Teens just wanna have fun(ds): The gap between reality and wealthy aspirations
May 13, 2016
A single two by six piece of paper dominates the millennial population of America. The value of money continues to decrease as adolescents relentlessly spend their allowances from parents, or wages earned from personal labor.
Located in the suburban outskirts of Atlanta, the city of Kennesaw houses an abundance of families living both above, and unfortunately, below the poverty line in Georgia. Parents living paycheck to paycheck struggle to support the additional luxuries teenagers expect to enjoy. The desire for a prosperous lifestyle influences the motivation to land a part-time job for many. But, if the teenager lacks an impulse for instant income, the pressure remains dependent on the wallets of their parents.
Students at NC receive their money in a variety of ways, but the primary supplier remains guardians. Part-time jobs prove difficult to land, depending on qualification requirements of the store.
Students additionally resort to selling their unwanted clothes or electronics to replace the need for a job. Junior Melissa Sagaseta sells her used items on Craigslist instead of obtaining a job. “I think it’s easier being your own vendor because it allows you to set your own prices and it is a fast way of consuming,” Sagaseta said.
Similar to Craigslist, retail consignment store Uptown Cheapskate, a store based upon popular fashion, resells carefully-handled clothing in return for store credit or instant cash. “Sometimes you can find exclusive clothing and shoes for cheaper prices than at the mall,” junior Nina Poguntke said.
Contrary to embracing the simplicity of selling products online and in consignment stores for resell, proven through a gender poll at NC, male students would rather acquire their own job than seek money from their parents.
“A teen should try to work hard and discipline themselves so they can support themselves. This way, they won’t need to rely on parents, because they may not always be there or may not have the money for it. The worst things in life come free to us, we have to work for the good stuff,” junior Robert Bareza said.
Although teens may not ponder the difficulties of their parents’ strides to supply materialistic luxuries, the pressure of keeping a financially stable household lingers. Parents endure the struggles of keeping an exceptional job to support the needs of their children, while continuing to pay the bills. “We were in that place once. We were living check to check and I didn’t let it affect my kids life. It just put more stress on me and Jeff. But that was when it was one parent working. Now [that I have a job] we can help our daughter buy a car and provide our kids with things they need,” Patricia Boekeloo, a mother of two, said.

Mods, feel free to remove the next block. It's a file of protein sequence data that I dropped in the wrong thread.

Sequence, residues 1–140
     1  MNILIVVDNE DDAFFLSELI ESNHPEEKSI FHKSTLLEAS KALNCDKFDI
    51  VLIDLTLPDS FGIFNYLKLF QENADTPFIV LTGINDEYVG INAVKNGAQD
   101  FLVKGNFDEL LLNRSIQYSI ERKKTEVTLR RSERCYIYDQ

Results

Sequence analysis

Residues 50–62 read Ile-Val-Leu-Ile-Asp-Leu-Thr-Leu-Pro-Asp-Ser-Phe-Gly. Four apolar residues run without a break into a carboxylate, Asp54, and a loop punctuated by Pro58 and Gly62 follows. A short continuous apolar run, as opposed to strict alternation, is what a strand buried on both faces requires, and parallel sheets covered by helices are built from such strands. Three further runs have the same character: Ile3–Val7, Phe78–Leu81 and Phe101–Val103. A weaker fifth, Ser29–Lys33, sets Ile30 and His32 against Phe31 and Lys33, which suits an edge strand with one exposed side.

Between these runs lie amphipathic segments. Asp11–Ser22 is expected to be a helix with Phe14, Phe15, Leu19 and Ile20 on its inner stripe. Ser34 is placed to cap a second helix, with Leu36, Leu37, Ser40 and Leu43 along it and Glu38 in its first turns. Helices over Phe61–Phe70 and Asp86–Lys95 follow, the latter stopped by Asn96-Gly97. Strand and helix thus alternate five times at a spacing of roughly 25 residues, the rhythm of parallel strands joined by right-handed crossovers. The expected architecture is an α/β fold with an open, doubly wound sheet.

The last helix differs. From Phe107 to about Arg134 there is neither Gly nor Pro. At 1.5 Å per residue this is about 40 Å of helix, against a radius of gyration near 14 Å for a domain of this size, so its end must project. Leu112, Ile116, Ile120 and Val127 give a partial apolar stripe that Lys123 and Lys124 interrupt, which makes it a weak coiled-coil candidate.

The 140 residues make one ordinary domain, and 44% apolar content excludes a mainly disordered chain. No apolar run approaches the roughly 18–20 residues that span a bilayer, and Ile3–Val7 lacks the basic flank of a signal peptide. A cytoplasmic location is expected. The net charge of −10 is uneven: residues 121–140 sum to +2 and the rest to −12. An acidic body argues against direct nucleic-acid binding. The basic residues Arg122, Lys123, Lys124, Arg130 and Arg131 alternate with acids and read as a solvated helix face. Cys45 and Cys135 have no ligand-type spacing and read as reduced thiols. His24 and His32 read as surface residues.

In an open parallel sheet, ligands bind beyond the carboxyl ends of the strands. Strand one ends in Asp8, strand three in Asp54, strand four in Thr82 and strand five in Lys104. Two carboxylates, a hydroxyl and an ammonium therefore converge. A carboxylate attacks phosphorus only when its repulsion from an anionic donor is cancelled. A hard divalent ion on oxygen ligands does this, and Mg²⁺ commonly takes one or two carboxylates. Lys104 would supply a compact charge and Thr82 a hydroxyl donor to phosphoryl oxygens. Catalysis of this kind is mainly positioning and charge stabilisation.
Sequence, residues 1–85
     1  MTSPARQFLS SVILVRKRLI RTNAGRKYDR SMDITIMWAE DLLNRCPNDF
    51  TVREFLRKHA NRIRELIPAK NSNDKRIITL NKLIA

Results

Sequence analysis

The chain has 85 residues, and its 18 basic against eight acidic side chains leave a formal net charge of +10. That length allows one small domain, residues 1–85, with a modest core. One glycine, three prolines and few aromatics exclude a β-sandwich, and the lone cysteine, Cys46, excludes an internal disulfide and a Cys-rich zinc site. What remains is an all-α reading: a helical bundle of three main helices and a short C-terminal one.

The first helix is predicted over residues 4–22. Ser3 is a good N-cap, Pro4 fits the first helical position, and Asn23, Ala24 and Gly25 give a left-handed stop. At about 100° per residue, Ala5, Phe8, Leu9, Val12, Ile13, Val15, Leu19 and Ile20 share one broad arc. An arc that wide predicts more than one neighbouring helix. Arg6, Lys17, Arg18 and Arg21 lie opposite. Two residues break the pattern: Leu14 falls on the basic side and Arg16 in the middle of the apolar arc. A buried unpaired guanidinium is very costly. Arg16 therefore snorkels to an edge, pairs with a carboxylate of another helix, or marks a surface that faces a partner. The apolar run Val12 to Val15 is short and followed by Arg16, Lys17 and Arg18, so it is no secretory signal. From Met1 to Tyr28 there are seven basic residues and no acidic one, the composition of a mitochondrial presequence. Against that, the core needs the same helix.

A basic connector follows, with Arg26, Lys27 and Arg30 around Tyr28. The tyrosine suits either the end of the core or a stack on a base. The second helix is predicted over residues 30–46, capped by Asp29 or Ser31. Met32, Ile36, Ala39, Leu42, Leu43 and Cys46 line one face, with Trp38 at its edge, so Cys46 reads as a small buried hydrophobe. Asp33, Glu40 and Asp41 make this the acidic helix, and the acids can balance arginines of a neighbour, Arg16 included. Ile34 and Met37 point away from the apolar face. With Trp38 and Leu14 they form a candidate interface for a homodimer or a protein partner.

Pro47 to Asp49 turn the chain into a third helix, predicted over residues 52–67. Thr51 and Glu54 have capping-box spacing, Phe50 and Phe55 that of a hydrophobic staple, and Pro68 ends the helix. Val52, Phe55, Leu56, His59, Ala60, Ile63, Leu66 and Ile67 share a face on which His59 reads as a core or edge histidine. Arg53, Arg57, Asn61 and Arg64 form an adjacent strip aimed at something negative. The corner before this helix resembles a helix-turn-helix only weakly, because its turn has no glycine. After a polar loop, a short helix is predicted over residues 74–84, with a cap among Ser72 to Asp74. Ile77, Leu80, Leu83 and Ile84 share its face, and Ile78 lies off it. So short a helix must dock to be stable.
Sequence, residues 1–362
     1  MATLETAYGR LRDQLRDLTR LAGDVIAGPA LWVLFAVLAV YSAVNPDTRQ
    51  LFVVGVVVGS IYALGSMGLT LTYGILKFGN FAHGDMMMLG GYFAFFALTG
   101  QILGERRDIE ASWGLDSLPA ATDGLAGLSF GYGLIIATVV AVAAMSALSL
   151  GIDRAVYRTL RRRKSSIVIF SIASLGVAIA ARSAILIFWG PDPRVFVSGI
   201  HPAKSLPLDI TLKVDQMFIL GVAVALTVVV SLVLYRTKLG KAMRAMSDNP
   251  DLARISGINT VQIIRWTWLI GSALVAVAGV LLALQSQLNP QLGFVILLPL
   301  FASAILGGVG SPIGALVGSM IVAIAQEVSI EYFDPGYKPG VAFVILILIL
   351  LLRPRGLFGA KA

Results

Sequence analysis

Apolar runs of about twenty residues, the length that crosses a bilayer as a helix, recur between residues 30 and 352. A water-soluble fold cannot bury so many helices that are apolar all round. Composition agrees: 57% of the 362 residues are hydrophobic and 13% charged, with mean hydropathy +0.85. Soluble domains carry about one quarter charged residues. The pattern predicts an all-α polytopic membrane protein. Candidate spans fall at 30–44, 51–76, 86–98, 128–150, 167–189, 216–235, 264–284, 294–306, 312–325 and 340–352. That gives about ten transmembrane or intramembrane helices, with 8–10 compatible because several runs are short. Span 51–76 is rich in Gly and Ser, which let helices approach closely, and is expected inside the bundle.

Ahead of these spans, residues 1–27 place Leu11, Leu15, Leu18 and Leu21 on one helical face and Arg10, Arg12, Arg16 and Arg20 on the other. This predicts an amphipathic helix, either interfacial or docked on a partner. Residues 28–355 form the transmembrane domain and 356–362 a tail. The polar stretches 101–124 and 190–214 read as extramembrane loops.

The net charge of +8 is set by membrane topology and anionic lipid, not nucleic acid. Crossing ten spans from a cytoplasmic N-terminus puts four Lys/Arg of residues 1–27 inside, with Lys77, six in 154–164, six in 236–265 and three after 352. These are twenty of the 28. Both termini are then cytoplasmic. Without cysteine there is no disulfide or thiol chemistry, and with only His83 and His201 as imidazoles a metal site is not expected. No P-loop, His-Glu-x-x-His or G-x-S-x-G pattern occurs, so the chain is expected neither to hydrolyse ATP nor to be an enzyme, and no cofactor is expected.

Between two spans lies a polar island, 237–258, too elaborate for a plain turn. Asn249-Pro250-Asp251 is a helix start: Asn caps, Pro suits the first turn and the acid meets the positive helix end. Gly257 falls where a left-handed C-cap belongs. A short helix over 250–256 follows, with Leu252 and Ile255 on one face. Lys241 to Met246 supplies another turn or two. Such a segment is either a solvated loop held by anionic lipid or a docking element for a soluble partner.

Influences surrounding teenagers fuel their fascination with such wealthy lifestyles. Hip-hop artists glamourize the act of carelessly wasting money on materials that represent their success. For example, acclaimed artists Kendrick Lamar, Rick Ross, and Drake display their accomplishments in the form of fast cars, expensive alcohol, and lavish clothing.
The rappers eliminate the assumption that “money cannot buy happiness.” Lamar, a rapper raised in the poverty-stricken environment of Compton, California, described his dreams of pursuing a wealthy future through the doubts and gang violence occurring around his neighborhood. The lyrics: “dreams of living life like rappers do… a dollar might turn to a million and we all rich that’s just how I feel” express Lamar’s optimistic outlook on money throughout a gruesome living situation.
Comparable to the lavish aspirations of modern rappers, NC students prefer to spend rather than save money. In an anonymous poll on grocery stores, clothing stores, and restaurants, students answered that they would essentially shop at a store demanding higher prices for the same product. Publix, with a whopping 90% preferability over Kroger, charges more for their items, but exhibits a comfortable ambiance for customers. Spending money even serves as a therapeutic outlet for some. This is exhibited by the 1995 teen film “Clueless,” which portrays a rich girl who turns to shopping when in need of enlightenment on typical adolescent decisions.
While splurging on additional items brings temporary happiness, Benjamin Franklin once said, “Money has never made man happy, nor will it, there is nothing in its nature to produce happiness. The more of it one has the more one wants.”
The diversity of students enrolled at NC insures an economic difference between households in the same community. Parents and students strive for indulgences sometimes unobtainable, while remaining conscious about the reality of twenty-first century income issues.